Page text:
The Vicar saves Fletch from Trudi and tells Fletch the truth about the village and Jimmy’s identity. They go after Jimmy and Lotte in the Vicar’s crucifix-covered car. As the vampires prepare to sacrifice Lotte and Jimmy, Fletch and the Vicar try to recover the sword of Daeldo, the sword that killed Carmilla, from the baron’s tomb. While Fletch works to open the tomb, the Vicar checks on his daughter Rebecca, but does not notice that she has been turned. Rebecca attempts to seduce Fletch, who does not know what she is. When she attacks him, she is inadvertently impaled on the sword. Fletch decides not to tell the Vicar of his daughter’s death.

At Carmilla’s tomb, Lotte reveals her love for Jimmy. The vampires begin draining the two of their blood to resurrect Carmilla. With the sword, Fletch and the Vicar drive to Carmilla’s tomb. When they enter the woods they bring various weapons, but forget the sword. Despite not having the sword, the pair reach Jimmy and Lotte. The Vicar releases them, but not before enough blood gathers to resurrect Carmilla. He sacrifices himself so the others can get back to the car and the sword. Eva separates Lotte from the men, attacking and seducing her. Lotte fights back while Fletch and Jimmy fetch weapons. Lotte kills Eva with her cross necklace, infuriating Carmilla. Fletch tries to kill Carmilla before Lotte is turned, but is captured himself. Jimmy saves them by hurling the sword at Carmilla, piercing her heart and destroying her for good. With the curse lifted, the three survivors decide to continue ridding the world of evil.

The film ends with the shot of a “Gay Werewolf” howling before the full moon, suggesting a sequel.


 Ok…let’s get one thing out of the way…how can a film with the original (British) title Lesbian Vampire Killers be such a dud in the T & A department.

I mean, I wasn’t expecting this thing to turn out to be some sort of soft core porn or anything, but I was at least expecting some kind of lesbionic something or other, and didn’t get it.

I don’t understand how this thing was rated R when there isn’t really anything bad. Sure, there is some language, bt that’s about it. They said there was nudity, but I didn’t see it, except for maybe 1 scene, and that wasn’t enough to garner an R, in my opinion.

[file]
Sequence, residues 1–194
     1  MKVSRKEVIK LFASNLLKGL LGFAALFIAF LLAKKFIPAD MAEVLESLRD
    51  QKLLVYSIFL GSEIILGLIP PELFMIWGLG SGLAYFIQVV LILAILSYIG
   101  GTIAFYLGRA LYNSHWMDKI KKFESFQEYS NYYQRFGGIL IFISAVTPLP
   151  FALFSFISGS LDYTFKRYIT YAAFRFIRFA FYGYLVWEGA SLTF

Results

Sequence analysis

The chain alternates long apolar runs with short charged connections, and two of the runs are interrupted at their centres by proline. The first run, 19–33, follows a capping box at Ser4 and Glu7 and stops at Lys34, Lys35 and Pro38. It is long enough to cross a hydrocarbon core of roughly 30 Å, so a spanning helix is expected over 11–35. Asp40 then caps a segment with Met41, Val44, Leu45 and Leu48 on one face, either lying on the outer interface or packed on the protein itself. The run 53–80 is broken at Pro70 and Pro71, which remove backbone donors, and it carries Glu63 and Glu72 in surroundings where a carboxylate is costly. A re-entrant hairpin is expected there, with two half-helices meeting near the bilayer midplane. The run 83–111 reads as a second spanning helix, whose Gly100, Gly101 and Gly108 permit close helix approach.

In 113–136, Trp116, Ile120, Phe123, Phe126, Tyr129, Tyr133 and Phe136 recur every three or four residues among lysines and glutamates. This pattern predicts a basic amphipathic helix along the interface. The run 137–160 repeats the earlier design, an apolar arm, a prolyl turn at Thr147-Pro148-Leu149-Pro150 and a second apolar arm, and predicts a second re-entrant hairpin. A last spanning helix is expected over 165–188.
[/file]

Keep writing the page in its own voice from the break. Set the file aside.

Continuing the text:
That wasn’t the only problem I had with this flick. When the vampires were killed, stabbed, or what-have-you, they had this white goop instead of regular blood. I’m sure there is some reason for this, but I didn’t get it. In the back of my mind, I was thinking this was some kind of…shall we say, male fluids…that they were filled with.

As bad as this film is, and trust me on the fact that it is bad, there are some good things. For instance, the opening segment and initial plot are awesome. It is a shame that they dropped the ball afterwards, casing this crash and burn.

The women are quite hot, even if the closest they came to lesbianism on-screen were some kissing and petting.

The comedy aspect of this flick wasn’t horrible, but it wasn’t as funny as it could/should have been.

So, what do I ultimately think about Vampire Killers? Well, I would say that this thing isn’t worth your time. The story about Carmilla, the vampire queen is better told in many other films, and if you just want to see lesbian vampires, I’m sure there are plenty of porns that use that as their “plot”, not to mention that in most vampire films, Dracula’s wives seem to have lesbian tendencies. My final verdict is this is better than other vampire spoof-type films such as Transylmania, but you’d do best to avoid this film if you can.

2 out of 5 stars

Ghidorah, the Three-Headed Monster

Posted in Action/Adventure, Classics, Movie Reviews, Sci-Fi/Fantasy with tags , , , , on October 27, 2010 by Mystery Man


Police Detective Shindo (Yosuke Natsuki) is assigned to guard Princess Selina Salno of Selgina (Akiko Wakabayashi) during the Princess’ visit to Japan, due to a suspected assassination plot. Although Shindo is smitten with Selina’s photograph, her plane never makes it to Japan, as it is destroyed by a bomb en route. At exactly the same time a meteorite shower draws the attention of Professor Murai (Hiroshi Koizumi), who along with his team of scientists strikes out into the wilderness to examine the largest of the meteors, which has strange magnetic properties.

To Shindo’s surprise, the supposedly deceased Selina turns up in Japan, without her royal garb (including the golden bracelet which proves she is heir to the throne of Selgina), claiming to be from the planet Mars, and preaching to skeptical crowds of forthcoming disaster. To their surprise however, her prophecies begin coming true. First she predicts Rodan, thought dead in the eruption of Mt. Aso, will emerge from Aso’s crater. Subsequently, none other than Godzilla will arise from the sea and destroy a ship. Both of these events transpire.

In the meantime, Selina’s uncle (Shin Otomo), who was behind the assassination attempt, learns of her survival and sends his best assassin Malness (Hisaya Ito) to Japan to dispatch the Princess and steal the golden bracelet. Malness and his henchmen are stopped by Shindo, who was warned of their attempt by the Shobijin (Emi and Yumi Ito), who were in Japan appearing on a television show. The Shobijin had been scheduled to return to Infant Island aboard the ship sunk by Godzilla, but opted not to go after overhearing Selina’s prophecy. A further attempt by the assassins is thwarted when both Godzilla and Rodan attack the city and engage in battle, forcing everyone to flee.